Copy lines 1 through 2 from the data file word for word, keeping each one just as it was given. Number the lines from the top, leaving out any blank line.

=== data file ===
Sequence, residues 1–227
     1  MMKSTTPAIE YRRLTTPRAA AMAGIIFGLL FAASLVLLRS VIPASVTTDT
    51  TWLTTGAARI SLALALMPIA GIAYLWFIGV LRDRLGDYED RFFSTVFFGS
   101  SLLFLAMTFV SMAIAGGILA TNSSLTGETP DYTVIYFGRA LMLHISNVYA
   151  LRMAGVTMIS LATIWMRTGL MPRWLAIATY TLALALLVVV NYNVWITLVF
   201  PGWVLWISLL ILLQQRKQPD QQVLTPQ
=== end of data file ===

Sequence, residues 1–227
     1  MMKSTTPAIE YRRLTTPRAA AMAGIIFGLL FAASLVLLRS VIPASVTTDT